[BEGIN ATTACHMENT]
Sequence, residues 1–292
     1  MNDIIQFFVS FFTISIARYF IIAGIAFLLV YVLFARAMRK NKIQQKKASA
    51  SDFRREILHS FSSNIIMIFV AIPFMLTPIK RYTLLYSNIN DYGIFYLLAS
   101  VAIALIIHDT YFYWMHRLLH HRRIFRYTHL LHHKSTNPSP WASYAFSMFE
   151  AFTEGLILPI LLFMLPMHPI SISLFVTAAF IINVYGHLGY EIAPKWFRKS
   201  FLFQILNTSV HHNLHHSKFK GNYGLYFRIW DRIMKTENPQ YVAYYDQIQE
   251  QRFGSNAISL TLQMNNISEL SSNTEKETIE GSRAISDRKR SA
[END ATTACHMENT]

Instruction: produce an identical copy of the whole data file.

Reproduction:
Sequence, residues 1–292
     1  MNDIIQFFVS FFTISIARYF IIAGIAFLLV YVLFARAMRK NKIQQKKASA
    51  SDFRREILHS FSSNIIMIFV AIPFMLTPIK RYTLLYSNIN DYGIFYLLAS
   101  VAIALIIHDT YFYWMHRLLH HRRIFRYTHL LHHKSTNPSP WASYAFSMFE
   151  AFTEGLILPI LLFMLPMHPI SISLFVTAAF IINVYGHLGY EIAPKWFRKS
   201  FLFQILNTSV HHNLHHSKFK GNYGLYFRIW DRIMKTENPQ YVAYYDQIQE
   251  QRFGSNAISL TLQMNNISEL SSNTEKETIE GSRAISDRKR SA